Diplectroninae, Ulmer, 1951

Wells, Alice & Contents, Arturs Neboiss Table Of, 2018, Australian Diplectroninae reviewed (Insecta: Trichoptera), with description of 21 new species, most referred to a new genus, Zootaxa 4415 (1), pp. 1-44: 5-6

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Subfamily Diplectroninae  Ulmer

Diplectroninae  Ulmer 1951: 173, 175, 303.

When first established, three genera were included in the subfamily: Diplectrona  , Diplectronella Ulmer 1928  , and Sciops McLachlan 1866  . Ulmer (1951, 174) also suggested that a further five genera, including Austropsyche  probably belong in the subfamily; subsequently Austropsyche  was referred to Diplectroninae  . More recently, several diplectronine genera have been synonymised with Diplectrona  : Diplectronella  by Flint (2001) and Sciops  (as well as another genus, Diplex Mosely 1951  ) by Malicky (2002); and further genera have been assigned to the subfamily: Homoplectra Ross 1938  , Oropsyche Ross 1941  , Sciadorus Barnard 1934  (see Morse 2017), and Diemeniluma Neboiss 2003  . Since recent molecular analyses suggest that Diplectroninae  genera are paraphyletic ( Geraci et al. 2005; Stocks 2011), the diagnosis given here, based on only morphological features, must be regarded as tentative. It is adequate currently for Australian taxa and, as noted above, could also include the genus Smicrophylax  which, contra Neboiss (1977), also has an anteromesal wart on the head.

Diagnosis (modified after Ulmer 1951, 167). Distinguished from other Hydropsychidae  subfamilies by sternite V with a pair of filaments apicolaterally; male abdomen with two pairs of reticulate-walled, internal glandular structures; hind wings large, rounded, with Sc and R l more or less bowed distally; and antennae appearing to be crenate, due to median sutures and/or tufts of setae on some segments ( Figs 25, 26View FIGURES 17–31, 80View FIGURES 70–83, 152View FIGURES 146–163).

Description (modified after Nimmo 1987). Medium to large. Wings generally large; wide basally, rounded or angular distally. Antennae equal in length to forewings, or slightly longer. Cephalic warts less prominent than in Macronematinae  ; posterior pair large, oval; anterolateral pair often divided; anteromesal [interantennal] wart small, round. Thorax large, robust. Male foreleg tarsal claws normal, equal, not overhung by setal tufts. Tarsi of middle leg of female rarely expanded, may be flattened ( Smicrophylax  ). Spur formula 2,4,4. Forewing Sc and R1 complete, unfused, or joined distally; often robust; discoidal and median cells small, subequal, closed; forks fI –fV present; fI, fIII, and fV petiolate; thyridial cell closed, in contact with median. Hind wing often widened at midpoint; Sc and R1 distinct throughout; discoidal cell closed, elongate; fII, fIII, and fV present; median cell open.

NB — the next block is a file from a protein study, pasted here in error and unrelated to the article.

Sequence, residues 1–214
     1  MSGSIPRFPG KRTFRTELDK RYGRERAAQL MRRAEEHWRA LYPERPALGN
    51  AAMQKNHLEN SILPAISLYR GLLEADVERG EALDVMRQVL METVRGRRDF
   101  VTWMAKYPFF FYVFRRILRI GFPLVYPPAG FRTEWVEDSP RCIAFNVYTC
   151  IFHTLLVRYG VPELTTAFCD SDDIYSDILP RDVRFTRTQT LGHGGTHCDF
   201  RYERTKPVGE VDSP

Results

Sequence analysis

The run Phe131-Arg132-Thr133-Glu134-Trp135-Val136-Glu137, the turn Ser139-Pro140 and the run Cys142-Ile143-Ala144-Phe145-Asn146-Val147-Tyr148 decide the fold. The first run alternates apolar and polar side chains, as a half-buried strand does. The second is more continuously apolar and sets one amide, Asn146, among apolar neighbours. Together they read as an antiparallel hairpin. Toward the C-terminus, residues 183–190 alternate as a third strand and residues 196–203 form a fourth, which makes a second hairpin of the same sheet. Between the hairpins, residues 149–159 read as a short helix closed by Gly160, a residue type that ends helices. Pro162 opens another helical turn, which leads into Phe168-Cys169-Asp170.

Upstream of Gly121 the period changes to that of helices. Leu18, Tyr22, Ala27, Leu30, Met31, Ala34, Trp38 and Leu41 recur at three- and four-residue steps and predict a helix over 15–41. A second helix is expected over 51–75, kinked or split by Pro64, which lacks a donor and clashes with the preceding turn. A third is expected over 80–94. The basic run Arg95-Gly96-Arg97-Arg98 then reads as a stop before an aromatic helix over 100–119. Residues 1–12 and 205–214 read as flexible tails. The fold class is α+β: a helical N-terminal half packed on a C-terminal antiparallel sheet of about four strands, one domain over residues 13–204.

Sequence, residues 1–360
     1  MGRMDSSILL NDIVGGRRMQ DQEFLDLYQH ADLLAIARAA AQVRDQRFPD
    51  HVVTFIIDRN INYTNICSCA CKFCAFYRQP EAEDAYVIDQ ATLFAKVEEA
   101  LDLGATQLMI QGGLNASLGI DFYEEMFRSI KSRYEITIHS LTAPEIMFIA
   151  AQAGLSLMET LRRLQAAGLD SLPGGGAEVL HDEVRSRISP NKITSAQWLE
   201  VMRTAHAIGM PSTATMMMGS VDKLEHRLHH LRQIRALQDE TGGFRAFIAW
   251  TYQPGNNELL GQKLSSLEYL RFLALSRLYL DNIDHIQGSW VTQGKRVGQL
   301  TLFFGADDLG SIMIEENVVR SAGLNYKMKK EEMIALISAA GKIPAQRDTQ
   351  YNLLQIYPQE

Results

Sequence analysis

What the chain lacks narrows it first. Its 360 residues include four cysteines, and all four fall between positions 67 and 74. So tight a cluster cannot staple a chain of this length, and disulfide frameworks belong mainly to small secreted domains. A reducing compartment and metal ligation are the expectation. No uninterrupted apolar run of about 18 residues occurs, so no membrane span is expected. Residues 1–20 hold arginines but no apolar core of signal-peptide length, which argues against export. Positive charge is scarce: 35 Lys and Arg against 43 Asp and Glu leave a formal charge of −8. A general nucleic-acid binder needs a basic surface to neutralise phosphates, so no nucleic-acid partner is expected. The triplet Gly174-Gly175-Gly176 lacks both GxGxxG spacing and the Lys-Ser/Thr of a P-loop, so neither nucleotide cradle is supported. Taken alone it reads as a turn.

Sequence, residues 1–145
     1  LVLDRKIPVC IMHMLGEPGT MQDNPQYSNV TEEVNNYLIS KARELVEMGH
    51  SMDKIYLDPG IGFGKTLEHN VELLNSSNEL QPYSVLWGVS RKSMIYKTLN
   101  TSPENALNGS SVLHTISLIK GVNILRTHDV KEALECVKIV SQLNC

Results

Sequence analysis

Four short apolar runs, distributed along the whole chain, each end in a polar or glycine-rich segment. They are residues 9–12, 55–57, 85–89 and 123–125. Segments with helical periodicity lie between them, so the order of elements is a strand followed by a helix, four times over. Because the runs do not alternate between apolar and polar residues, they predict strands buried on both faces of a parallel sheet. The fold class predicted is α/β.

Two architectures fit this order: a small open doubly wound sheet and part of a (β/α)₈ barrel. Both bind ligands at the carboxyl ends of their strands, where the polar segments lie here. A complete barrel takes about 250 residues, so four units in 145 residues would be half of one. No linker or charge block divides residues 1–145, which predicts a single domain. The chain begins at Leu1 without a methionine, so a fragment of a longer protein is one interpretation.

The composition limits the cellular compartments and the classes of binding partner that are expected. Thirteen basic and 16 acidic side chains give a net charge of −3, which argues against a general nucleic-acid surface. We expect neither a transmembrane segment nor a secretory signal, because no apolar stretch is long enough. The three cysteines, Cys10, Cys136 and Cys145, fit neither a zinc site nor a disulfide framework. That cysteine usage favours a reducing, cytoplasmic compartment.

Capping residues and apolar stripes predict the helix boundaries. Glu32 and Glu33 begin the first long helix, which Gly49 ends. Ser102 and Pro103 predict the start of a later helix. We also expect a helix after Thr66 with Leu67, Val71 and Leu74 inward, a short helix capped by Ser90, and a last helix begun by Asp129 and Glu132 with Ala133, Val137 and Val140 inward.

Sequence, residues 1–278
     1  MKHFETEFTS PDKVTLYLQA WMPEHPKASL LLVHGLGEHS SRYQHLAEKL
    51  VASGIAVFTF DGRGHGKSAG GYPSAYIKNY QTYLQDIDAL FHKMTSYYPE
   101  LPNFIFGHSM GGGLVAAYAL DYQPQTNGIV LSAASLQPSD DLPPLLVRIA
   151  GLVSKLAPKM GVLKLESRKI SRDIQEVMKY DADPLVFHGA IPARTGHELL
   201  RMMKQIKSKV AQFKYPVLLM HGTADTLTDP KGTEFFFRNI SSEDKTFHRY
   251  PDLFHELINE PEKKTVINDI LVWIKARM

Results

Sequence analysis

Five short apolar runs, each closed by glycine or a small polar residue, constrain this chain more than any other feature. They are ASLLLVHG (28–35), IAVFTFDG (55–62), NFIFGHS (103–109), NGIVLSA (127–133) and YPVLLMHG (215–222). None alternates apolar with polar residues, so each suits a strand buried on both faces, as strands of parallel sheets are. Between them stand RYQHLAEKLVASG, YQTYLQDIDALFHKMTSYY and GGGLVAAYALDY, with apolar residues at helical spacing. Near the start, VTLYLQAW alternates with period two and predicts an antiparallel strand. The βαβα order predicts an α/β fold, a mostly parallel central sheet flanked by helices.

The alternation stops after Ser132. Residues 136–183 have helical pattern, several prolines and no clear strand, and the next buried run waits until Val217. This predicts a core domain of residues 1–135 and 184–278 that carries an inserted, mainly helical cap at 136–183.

Male. Genitalia: tergum X roof-like dorsal of aedeagus; fused entirely or partially with segment IX; with or without wart-like preanal appendages, with or without lateral processes. Sternite IX with or without processes at apicolateral angles. Aedeagus simple or complex, curved, basally expanded, with or without spines or spicules. Gonopods (claspers or inferior appendages) long, each of 2 articles, basal coxopodite, distal harpago, harpago usually shorter than coxopodite, sometimes bilobed.

Female. Terminal abdomen bluntly rounded; segment X with or without clasper receptacles, if present, not prominent; cerci prominent between two pairs of tubercles (papillae, protuberances).

Remarks. Australia has a number of species that accord with the above definition of Diplectroninae  . The problems arise in deciding identity and limitations of genera that occur in Australia. The species of Austropsyche  form a recognisable set, defined by the autapomorphic mesal process on the coxopodite of each male gonopod, and the form of the dorsal setal warts on the head. Smicrophylax  can be defined by the fused harpago and coxopodite on each male gonopod; this genus is not dealt with here. Another set can be separated on the basis of the anterolateral warts on the head being divided to form two almost equal, laterally elongate warts separated by well-pronounced sutures; these species also share the characteristic of having one or two lateral lobes on the distal margin of abdominal segments IX/X. They are assigned here to a new genus, Arcyphysa  gen. nov. Of the remainder, as noted above, Diemeniluma  is not separable from members of another set, currently referred to Diplectrona  . The phallic apparatus of most Australian species of Diplectrona  bear spines or spicules of some form.

An enigmatic species from north-eastern Australia (two specimens are available, one each in NMV and ANIC) conforms to diplectronine genera in having two pairs of reticulate-walled sacs in the abdomen and paired filaments laterally on abdominal segment 5. However, unlike all other Australian diplectronines, this species has the hind wing quite narrow, the wing shape and venation resembling that of Cheumatopsyche modica  , with the forewing vein A1 parallel to the wing margin, and the hind wing lacking fork 1 and the median cell; the head warts resemble those of Diplectrona  . This species is not dealt with here.

For most species reviewed here, few specimens are available in collections, which suggests that they may be rare; few Australian diplectronine species have been collected in large numbers at any time. An exception is Austropsyche acuta  sp. nov., adults of which were abundant at lights set beside a small permanent stream in northeastern New South Wales in December 2006 and 2017. Some of the other hydropsychids are often abundant, for example, Cheumatopsyche  species in parts of Australia.













Wells, Alice & Contents, Arturs Neboiss Table Of 2018


Ulmer 1951 : 173